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  1. #1
    Join Date
    Feb 2007
    Posts
    81

    whats the difference between running PHP using Fast CGI or as an Apache Module?

    I have been a web developer using PHP for years now, and my work laptop runs CentOS with PHP5 as an Apache Module. This suits me just fine for development, but now I want to setup a web server that runs PHP 4.4.8 and PHP 5.2.5 and offer hosting to people. I know PHP4 is very old, but I am looking to offer my users the freedom of choice, as there are still third party applications out there that may need to be run on PHP4.

    I will want PHP 5 to be the default, and allow PHP 4 to be used if either the file extension is .php4, or they have a line in their .htaccess file. I have seen various tutorials in search engine results saying to run both, I can either do one of the following:

    1. Install PHP5 as a module, and run PHP4 using FastCGI
    2. Install PHP5 and PHP4 and run both using FastCGI
    3. Install PHP4 as a module, and run PHP5 using FastCGI

    In the future I will also be looking to support PHP6 once a stable version has been released, though that will probably be optional to begin with and require a line in the .htaccess file too - like PHP4. I will be using Apache 2.2.8 on CentOS 5.1. I am also looking to install Ruby on Rails and Django too, which I think use FastCGI.

    What's the difference between running as an Apache Module, or using FastCGI? This will be for a shared hosting environment so performance over lots of connections, stability and security are my concerns. Should I run everything using FastCGI, if not, would the default PHP version be better off installed as an Apache Module?

    Thanks
    Luke

  2. #2
    Join Date
    Apr 2003
    Location
    San Jose, CA.
    Posts
    1,622
    If you're using Apache 2.2.8, it depends on what MPM you're using.

    With the traditional prefork module Apache runs as nobody/nogroup and thus PHP when ran as a module will run as nobody/nogroup. File permissions for all your users thus need to be set in potentially insecure ways so that the webserver can read the files or so the scripts can write to files in their directories. If you're going to use a traditional prefork module one "secure" way to permit PHP is to use FastCGI, next best to use mod_suphp.

    With newer versions of apache you can use the perchild MPM which helps deal with some of the security issues of running apache as a module. It may however present entirely new issues especially if you're using some control panel which doesn't understand it.

    The biggest difference overall with FastCGI other then security benefits is that it makes it so you can create entirely different "application" servers... you can have separate server/s which will do nothing but run code for you.

    Summary:
    #2 is the safest and best way to implement PHP assuming you're using a normal Apache prefork MPM.
    #4 (Run both as a module) if you understand how to configure Apache 2.2 using a perchild MPM.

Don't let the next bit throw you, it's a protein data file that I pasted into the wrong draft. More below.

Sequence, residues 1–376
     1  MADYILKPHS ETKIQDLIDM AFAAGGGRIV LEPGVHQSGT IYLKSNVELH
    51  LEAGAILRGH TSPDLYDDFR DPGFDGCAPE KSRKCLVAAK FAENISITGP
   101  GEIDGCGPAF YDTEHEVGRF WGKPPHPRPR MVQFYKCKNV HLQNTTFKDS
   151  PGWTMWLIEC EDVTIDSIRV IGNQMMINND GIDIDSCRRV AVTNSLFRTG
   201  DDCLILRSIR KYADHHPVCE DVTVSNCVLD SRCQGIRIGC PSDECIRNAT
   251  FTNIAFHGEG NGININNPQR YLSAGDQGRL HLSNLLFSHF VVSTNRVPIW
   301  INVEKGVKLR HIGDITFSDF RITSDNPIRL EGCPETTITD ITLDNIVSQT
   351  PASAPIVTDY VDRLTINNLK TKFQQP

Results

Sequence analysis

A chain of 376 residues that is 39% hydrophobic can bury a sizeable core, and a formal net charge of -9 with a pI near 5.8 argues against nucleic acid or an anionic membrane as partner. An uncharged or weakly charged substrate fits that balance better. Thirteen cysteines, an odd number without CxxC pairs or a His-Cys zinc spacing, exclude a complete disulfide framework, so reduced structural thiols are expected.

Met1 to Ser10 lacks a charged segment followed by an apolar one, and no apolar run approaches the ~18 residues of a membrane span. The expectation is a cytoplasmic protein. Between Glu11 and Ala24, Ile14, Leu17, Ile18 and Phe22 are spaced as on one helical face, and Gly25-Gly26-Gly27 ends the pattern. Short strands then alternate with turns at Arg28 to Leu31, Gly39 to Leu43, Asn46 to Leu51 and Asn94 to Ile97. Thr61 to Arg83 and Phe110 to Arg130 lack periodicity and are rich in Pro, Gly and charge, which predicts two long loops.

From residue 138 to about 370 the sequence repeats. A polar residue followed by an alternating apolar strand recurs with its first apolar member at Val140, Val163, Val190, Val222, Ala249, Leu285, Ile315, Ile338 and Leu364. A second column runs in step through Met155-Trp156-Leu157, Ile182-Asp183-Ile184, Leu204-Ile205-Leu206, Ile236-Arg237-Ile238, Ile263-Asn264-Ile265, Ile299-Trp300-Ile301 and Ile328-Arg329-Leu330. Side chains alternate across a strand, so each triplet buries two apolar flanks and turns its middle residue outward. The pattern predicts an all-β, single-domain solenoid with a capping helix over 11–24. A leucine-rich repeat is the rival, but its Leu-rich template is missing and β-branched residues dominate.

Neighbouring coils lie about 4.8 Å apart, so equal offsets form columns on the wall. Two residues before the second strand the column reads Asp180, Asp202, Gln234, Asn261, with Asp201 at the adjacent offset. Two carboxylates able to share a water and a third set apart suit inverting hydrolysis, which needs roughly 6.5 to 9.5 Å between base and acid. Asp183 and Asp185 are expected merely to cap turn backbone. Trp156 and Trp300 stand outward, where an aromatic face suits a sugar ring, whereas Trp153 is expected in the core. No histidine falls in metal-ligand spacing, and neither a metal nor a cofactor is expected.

#1 or #3 aren't recommended...

    Standard disclaimers apply: I could be completely wrong.
    Last edited by Lightwave; 03-10-2008 at 10:34 AM.
    Daved @ Lightwave Networking, LLC.
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  3. #3
    Join Date
    Feb 2007
    Posts
    81
    Thank you Lightwave. I have just read in the PHP manual that there are potentially permissions problems with running PHP as an Apache Module. So it would probably be best to run all my php versions as Fast CGI then? Is that what you would do in this situation?

    On a tangent... Lighttpd looks good for performance, but I am not sure if cPanel will be able to administer it. Apache is probably more stable/secure as it has been in development for a lot longer.

  4. #4
    Join Date
    Apr 2003
    Location
    San Jose, CA.
    Posts
    1,622
    In a one word answer, "yes" Use both versions of PHP through FastCGI. It will provide you the ability to have a decent level of security and growth for your infrastructure.

    #4 might be easier to implement in the beginning and provide adequate security but #2 will offer other benefits.

  5. #5
    Join Date
    Dec 2006
    Posts
    477
    Cpanel won't work with lighttpd. Although its still faster, lighttpd isn't the order of magnitude better than apache that it once was. One thing to beware of with FastCGI - if you use it to implement security, you need a different FastCGI process running for each pool of threads that belong to a different user. Therefore, it is great for small numbers of users but you run out of memory if you have hundreds.

  6. #6
    Join Date
    Feb 2007
    Posts
    81
    Quote Originally Posted by RBBOT View Post
    You need a different FastCGI process running for each pool of threads that belong to a different user. Therefore, it is great for small numbers of users but you run out of memory if you have hundreds.
    I read an article on the unofficial dreamhost blog ages ago that seems to suggest Fast CGI is better for environments with lots of users, such as shared hosting.

    http://blog.dreamhosters.com/2006/04...apache-module/

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